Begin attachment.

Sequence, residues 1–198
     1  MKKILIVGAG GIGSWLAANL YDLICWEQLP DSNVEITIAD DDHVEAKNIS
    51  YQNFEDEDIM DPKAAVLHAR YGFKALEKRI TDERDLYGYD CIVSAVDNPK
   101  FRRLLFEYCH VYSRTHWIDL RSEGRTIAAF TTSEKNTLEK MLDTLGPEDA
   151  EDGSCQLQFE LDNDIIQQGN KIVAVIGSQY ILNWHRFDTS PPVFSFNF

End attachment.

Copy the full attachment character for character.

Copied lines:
Sequence, residues 1–198
     1  MKKILIVGAG GIGSWLAANL YDLICWEQLP DSNVEITIAD DDHVEAKNIS
    51  YQNFEDEDIM DPKAAVLHAR YGFKALEKRI TDERDLYGYD CIVSAVDNPK
   101  FRRLLFEYCH VYSRTHWIDL RSEGRTIAAF TTSEKNTLEK MLDTLGPEDA
   151  EDGSCQLQFE LDNDIIQQGN KIVAVIGSQY ILNWHRFDTS PPVFSFNF